With wild, ludicrous rumors swirling almost every five minutes ranging from whether Terry Saban prefers colonial or ranch-style to whether Steve Patterson or Bill Powers or a big donor with a close parking place fires Mack Brown, the Texas head coach has gotten accustomed to having to deal with what-now.
But he might forever wonder what if.
What if he had pulled the plug on Manny Diaz in January and inserted Greg Robinson onto the staff as defensive coordinator?
Would Texas’ defensive players played like their hair were on fire as the Longhorns did Thursday, or would they still have been victimized by BYU’s Taysom Hill and Ole Miss’ tandem of Bo Wallace and Jeff Scott?
Certainly Robinson would have had a better scheme to keep Hill under — gulp — 259 yards rushing. And the home loss to the Rebels was more a reflection of an offensive meltdown when Texas didn’t score a point after halftime.
We’ll never know. Nor will Brown, who is rightfully more preoccupied with concerns for the present and the near future — hello, Baylor — than the past.
Still, it may be more than an interesting sidelight to this topsy-turvy season. On Thursday night, Robinson came up with some exotic formations to completely stymie a prolific Texas Tech passing attack in a 41-16 win and help secure a showdown against the Bears next week for a shot at an outright Big 12 championship, should Oklahoma upset Oklahoma State.
If kicker Anthony Fera’s not the team MVP, the 62-year-old Robinson might be for matching up personnel with team-specific gameplans.
Robinson gave his team confidence. He gave his players belief. He gave them a chance.
Of course, this is the same defensive coordinator who couldn’t stop Oklahoma State and couldn’t get an average West Virginia offense with a backup quarterback off the field, so it hasn’t all been roses and rainbows in this 8-3 season.
Despite the loss of his best linebacker, one of his best defensive tackles and a cornerback as well as a game-ending injury to linebacker Steve Edmond after one quarter, Robinson transformed the Texas defense and dramatically altering it with 3-4 looks and 4-2 alignments with defensive end Jackson Jeffcoat at middle linebacker as well as one of three defensive ends up front.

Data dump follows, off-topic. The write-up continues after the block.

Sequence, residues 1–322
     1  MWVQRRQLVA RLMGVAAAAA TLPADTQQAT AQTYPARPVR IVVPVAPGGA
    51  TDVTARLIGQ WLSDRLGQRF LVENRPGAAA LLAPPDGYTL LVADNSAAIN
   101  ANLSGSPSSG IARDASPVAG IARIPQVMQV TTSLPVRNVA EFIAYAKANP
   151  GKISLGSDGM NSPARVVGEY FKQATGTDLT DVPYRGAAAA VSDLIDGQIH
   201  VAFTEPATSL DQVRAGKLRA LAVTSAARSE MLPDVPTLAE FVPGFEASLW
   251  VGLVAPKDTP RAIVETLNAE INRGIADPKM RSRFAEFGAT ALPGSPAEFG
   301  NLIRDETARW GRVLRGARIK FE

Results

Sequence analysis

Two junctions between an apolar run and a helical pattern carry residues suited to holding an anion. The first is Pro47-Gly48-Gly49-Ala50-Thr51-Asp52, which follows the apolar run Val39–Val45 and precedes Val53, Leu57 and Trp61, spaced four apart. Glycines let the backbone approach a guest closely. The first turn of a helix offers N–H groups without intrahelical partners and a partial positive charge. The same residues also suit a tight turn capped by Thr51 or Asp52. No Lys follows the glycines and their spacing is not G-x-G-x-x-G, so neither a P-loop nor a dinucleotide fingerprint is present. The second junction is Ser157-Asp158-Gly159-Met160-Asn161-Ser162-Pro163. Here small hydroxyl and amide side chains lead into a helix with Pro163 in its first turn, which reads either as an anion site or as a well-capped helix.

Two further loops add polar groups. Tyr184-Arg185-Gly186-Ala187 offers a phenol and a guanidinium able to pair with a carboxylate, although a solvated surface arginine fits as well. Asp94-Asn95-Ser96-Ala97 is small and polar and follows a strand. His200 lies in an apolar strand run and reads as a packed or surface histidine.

Texas was so effective on defense that Texas Tech’s best two plays came on its own fake punt and a roughing-the-punter penalty that extended one of the Red Raiders’ few scoring drives.
But it all started with the pass rush, which produced nine sacks, the most Texas Tech has surrendered in more than 13 years. Oklahoma and Ohio State each put the Red Raiders quarterback on his rear seven times in 2000. It’s a pretty key stat, considering Texas produced zero sacks in its three losses and 35 in its eight wins. “That’s amazing,” Robinson said of the sacks.
Texas also got air-tight coverage from its secondary, which lined up in nickel and dime coverages and put safety Adrian Phillips at linebacker at times and held Tech almost 100 passing yards under its average of 400. Few teams blitz as successfully as the Longhorns, who have thrived on corner rushes from Quandre Diggs, Carrington Byndom, Phillips and, on this night, Duke Thomas.
The Longhorns also put the clamps on probably the best tight end in the country and held Jace Amaro to six catches for 83 yards and a touchdown, although he had but three receptions for 33 yards in the first three quarters when the game was settled. Texas bracketed coverage of Amaro with a cornerback and a safety on top and rushed Baker Mayfield so quickly, the Tech quarterback barely had time to blink.
Jeffcoat had a game right out of the Alamo Bowl when Alex Okafor abused Oregon State’s offensive tackles and mashed quarterback Cody Vaz for 4 1/2 of the Longhorns’ 10 sacks.
Mayfield didn’t fare much better.
The former Lake Travis product may have brought a perfect 2-0 personal record in games played at Royal-Memorial Stadium, but those games were against Westlake and Cedar Park, the latter in a 4A playoff game. But he was treated much more rudely in his homecoming Saturday night as Jeffcoat and friends battered him with a pass-rushing onslaught that had been missing of late.
The impressive performance by the defense, especially Jeffcoat and bookend Cedric Reed, underscored a nice turnaround from the last two weeks when West Virginia and Oklahoma State combined to score 78 points. In fact, Texas has allowed 38 points or more in four games this season, once before Robinson replaced Diaz and another when Robinson arrived with four days of preparation before Ole Miss.
Brown never plays the what-if game, but because the defense completely suffocated Tech, he can look confidently to what’s-next.